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Erik de Buhr and Fay Carter

A graphic designer for Northwest Media while he was still at North Eugene High, Erik de Buhr left college early to travel. "I fished in Alaska and lived in Las Vegas for a year," says de Buhr, who was appalled by Las Vegas' level of consumption and waste. "I made dumpster runs for what I needed." Returning to Eugene after three years away in 2005, he found work in construction and in flash animation at Northwest Media, and also discovered a venue for his ideas on sustainability at Maitreya Ecovillage. That's where he met Fay Carter, an LA County native who came north by way of Santa Cruz and Wolf Creek in southern Oregon, then in 2002 moved to Eugene, where she opened the Park Street Cafe. "We found a common passion for simplifying and recycling," says Carter. Since they met two years ago, she and de Buhr have founded the Resurrected Refuse Action Team and produced a son, Abram. Behind them in the photo is their backyard bedroom, an Icosa Hut (half an icosahedron), built from 98 percent post-industrial waste. To learn about Icosa Huts and other RRAT projects, visit rractionteam.com. Check out the RRAT free box (Eugene's biggest!) on the corner of Broadway and Almaden.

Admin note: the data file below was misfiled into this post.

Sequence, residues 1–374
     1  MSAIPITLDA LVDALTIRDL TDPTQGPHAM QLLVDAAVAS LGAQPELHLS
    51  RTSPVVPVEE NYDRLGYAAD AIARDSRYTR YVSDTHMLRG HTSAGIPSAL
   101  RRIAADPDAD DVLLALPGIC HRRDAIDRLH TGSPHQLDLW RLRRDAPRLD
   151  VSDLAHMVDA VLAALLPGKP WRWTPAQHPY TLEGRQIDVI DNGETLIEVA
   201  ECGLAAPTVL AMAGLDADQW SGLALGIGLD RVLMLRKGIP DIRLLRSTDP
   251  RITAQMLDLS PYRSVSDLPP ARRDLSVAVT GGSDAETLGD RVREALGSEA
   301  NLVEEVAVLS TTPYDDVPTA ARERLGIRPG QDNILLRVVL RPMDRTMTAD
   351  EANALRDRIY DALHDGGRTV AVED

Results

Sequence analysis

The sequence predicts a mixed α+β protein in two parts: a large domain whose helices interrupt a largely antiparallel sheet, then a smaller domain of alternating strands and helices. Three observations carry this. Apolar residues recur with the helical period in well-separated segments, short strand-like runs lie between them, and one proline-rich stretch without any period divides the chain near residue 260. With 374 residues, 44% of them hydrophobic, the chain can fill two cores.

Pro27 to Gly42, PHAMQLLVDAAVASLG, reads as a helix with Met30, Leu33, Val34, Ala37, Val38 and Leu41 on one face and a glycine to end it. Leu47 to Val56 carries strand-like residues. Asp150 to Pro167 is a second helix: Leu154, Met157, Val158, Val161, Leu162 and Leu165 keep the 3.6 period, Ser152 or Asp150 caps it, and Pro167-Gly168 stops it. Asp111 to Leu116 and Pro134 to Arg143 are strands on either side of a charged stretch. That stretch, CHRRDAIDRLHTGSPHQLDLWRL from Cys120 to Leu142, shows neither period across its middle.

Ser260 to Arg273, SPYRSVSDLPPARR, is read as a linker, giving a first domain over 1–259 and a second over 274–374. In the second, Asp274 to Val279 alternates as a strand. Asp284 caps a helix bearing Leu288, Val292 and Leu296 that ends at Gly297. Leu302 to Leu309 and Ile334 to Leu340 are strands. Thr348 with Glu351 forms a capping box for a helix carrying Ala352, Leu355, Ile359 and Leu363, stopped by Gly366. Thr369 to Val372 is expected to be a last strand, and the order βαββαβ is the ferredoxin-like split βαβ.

happening people

photograph and story by Paul Neevel

Eugene Weekly / 12 November 2009

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